1st Edition

Poor No More
Rethinking Dependency and the War on Poverty

ISBN 9781412864459
Published January 30, 2017 by Routledge
210 Pages

USD $52.95

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Book Description

In the 1960s, America set out to end poverty. Policy-makers put forth an unprecedented package of legislation, funding poverty programs and empowering the poor through ineffectual employment-related education and training. However, these handouts produced little change, and efforts to provide education and job-training proved inconsequential, boasting only a 2.8 percent decrease in the poverty rate since 1965. Decades after the War on Poverty began, many of its programs failed. Only one thing really worked to help end poverty-and that was work itself, the centerpiece of welfare reform in 1996.  Poor No More is a plan to restructure poverty programs, prioritizing jobs above all else. Traditionally, job placement programs stemmed from non-profit organizations or government agencies. However, America Works, the first for-profit job placement venture founded by Peter Cove, has the highest employee retention rate in the greater New York City area, even above these traditional agencies. When the federal government embraced the work-first ideal, inspired by the success of America Works, welfare rolls plummeted from 12.6 million to 4.7 million nationally within one decade. Poor No More is a paradigm-shifting work that guides the reader through the evolution of America's War on Poverty and urges policy-makers to eliminate training and education programs that waste time and money and to adopt a work-first model, while providing job-seekers with the tools and life lessons essential to finding and maintaining employment.

Table of Contents

Foreword: 250 Broadway, New York City,
Spring 2009 



1. The War on Poverty Begins: Benevolence Balloons 
2. Our Moral Cliff: The Rise of Dependency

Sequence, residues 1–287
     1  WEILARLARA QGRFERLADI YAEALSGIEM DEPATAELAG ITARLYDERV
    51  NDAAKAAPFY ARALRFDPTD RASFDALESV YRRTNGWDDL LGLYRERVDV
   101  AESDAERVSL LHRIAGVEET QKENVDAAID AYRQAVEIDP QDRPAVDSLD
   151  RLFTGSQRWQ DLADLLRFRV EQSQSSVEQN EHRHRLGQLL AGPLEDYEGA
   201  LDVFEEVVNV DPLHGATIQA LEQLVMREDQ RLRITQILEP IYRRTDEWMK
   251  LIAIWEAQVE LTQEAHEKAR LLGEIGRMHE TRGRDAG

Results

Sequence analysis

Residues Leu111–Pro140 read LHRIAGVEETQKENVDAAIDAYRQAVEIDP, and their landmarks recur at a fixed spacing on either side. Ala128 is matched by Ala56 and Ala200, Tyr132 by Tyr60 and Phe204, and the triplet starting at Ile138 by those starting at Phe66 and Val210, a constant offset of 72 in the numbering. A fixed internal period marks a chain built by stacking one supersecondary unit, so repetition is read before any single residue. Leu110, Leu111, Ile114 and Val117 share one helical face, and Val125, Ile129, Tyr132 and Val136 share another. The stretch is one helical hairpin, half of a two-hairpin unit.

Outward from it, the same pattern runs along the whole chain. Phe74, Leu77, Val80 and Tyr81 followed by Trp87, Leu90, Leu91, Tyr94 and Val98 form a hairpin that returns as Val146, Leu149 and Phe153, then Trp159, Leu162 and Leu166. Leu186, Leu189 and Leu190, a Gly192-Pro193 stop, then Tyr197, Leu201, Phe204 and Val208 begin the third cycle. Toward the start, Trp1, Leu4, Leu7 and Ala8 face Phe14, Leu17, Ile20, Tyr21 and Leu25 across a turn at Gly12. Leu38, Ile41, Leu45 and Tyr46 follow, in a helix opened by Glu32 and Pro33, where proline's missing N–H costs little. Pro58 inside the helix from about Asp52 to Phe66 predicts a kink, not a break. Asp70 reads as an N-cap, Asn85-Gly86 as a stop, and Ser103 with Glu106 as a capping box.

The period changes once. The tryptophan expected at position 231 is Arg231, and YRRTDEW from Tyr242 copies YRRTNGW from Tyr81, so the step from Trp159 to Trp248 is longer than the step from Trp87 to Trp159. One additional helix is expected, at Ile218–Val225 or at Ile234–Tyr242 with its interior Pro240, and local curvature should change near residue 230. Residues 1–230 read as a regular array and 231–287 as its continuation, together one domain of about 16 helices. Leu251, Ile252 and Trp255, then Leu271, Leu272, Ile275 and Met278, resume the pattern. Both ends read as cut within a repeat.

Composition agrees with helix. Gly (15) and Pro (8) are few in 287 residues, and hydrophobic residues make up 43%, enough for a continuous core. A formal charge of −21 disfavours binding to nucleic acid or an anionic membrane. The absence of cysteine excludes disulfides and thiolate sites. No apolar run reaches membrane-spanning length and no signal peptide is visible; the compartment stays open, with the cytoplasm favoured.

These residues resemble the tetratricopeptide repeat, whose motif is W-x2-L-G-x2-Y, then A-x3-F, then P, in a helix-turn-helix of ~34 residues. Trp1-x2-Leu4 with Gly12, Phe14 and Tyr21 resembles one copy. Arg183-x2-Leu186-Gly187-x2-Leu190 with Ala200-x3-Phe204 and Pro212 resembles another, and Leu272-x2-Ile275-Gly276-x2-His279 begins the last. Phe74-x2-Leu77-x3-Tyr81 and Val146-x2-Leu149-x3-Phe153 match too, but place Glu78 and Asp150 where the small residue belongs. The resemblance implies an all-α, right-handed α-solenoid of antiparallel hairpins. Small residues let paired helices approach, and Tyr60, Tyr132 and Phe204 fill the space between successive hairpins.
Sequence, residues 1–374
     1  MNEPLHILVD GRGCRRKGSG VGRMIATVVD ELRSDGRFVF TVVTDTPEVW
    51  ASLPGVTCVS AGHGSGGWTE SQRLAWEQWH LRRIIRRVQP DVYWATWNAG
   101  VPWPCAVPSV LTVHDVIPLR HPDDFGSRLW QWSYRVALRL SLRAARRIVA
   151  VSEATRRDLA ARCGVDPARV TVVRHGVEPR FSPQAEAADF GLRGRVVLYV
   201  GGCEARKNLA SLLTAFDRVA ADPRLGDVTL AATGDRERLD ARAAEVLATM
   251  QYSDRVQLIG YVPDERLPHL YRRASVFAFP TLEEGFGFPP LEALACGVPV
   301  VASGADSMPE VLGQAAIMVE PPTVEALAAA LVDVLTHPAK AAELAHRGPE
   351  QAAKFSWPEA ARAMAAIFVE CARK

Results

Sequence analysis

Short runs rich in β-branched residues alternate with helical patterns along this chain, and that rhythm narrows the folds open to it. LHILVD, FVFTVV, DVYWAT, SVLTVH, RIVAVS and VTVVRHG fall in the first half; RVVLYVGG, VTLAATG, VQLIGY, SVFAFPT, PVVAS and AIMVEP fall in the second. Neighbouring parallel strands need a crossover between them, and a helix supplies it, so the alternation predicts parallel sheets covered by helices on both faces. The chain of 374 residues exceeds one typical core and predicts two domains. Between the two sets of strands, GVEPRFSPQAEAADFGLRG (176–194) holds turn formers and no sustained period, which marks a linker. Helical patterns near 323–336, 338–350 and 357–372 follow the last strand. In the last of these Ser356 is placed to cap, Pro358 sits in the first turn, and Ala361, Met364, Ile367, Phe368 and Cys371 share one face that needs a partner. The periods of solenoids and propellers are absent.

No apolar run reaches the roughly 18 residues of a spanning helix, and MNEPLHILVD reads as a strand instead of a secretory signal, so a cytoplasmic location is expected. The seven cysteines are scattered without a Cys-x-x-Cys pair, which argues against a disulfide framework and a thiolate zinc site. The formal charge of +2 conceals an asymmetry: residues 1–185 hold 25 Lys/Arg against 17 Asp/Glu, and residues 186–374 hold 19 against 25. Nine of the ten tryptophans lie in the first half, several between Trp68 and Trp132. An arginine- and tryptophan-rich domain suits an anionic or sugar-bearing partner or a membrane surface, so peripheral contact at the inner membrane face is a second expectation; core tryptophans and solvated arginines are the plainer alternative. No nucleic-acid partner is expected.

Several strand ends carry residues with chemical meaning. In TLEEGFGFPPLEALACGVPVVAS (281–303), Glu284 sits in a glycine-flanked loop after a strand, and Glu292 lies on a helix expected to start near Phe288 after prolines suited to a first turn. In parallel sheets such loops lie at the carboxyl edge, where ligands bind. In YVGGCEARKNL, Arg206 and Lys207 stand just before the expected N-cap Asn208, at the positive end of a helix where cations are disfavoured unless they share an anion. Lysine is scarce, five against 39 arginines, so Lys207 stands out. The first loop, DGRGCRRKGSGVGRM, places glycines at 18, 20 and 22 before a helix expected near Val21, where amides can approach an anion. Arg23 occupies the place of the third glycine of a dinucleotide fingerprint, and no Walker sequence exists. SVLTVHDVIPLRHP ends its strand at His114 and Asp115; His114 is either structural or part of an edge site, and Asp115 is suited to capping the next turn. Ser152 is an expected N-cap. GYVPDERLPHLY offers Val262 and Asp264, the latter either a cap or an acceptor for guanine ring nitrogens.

3. Why Have We Become a Nation of Takers? 
4. The Failure of Poverty Programs 
5. America Works: Policy Implications for Dependency and Poverty Reduction 
6. Education and Training versus Work-First 
7. The Road to Work and Reduced Dependency: Real Policy Solutions 

Afterword: 250 Broadway, New York City,
Summer 2009 


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“Peter Cove has spent a lifetime figuring out how to combat poverty. His work transcends the usual left-right divisions and goes straight to the heart of how to solve our most vexing problems. His is a voice that absolutely needs to be heard.”

—Joe Klein, political columnist for TIME

Poor No More is not just a book. It is a declaration of independence that tells us how to defeat the scourge of the American economy—poverty.  For forty years Peter Cove has fought this baffling enemy and discovered how to transform the seemingly incurable plague into prosperity.”

—Thomas Fleming, author The Great Divide: The Clash Between Washington and Jefferson That Still Troubles Us Today

“At long last a major book is written that deals sensibly with the question of poverty. After years of relying on ineffective government training programs, Peter Cove prescribes a detailed and brilliant analysis of what can be done. In this case, Cove not only prescribes a program, but he lives it and demonstrates what can and does work. This book is a tour de force and a must read for every government official and citizen who cares about our national future.”

—Herb London, President of the London Center for Policy Research

“What's most valuable about this book is the combination of Peter Cove’s personal story and more academic policy research. Both tend toward support for work first, but in different ways. I can't think of another case where someone who initially shared Great Society views of poverty came to different and more conservative conclusions based on program experience. And this occurred independently of the research, which was going the same way. It's crucial that Cove didn't begin as a conservative, as many critics of social policy do. He also still preserves a commitment to helping the poor, such as liberals claim for themselves.”

—Lawrence M. Mead, professor of Politics and Public Policy, New York University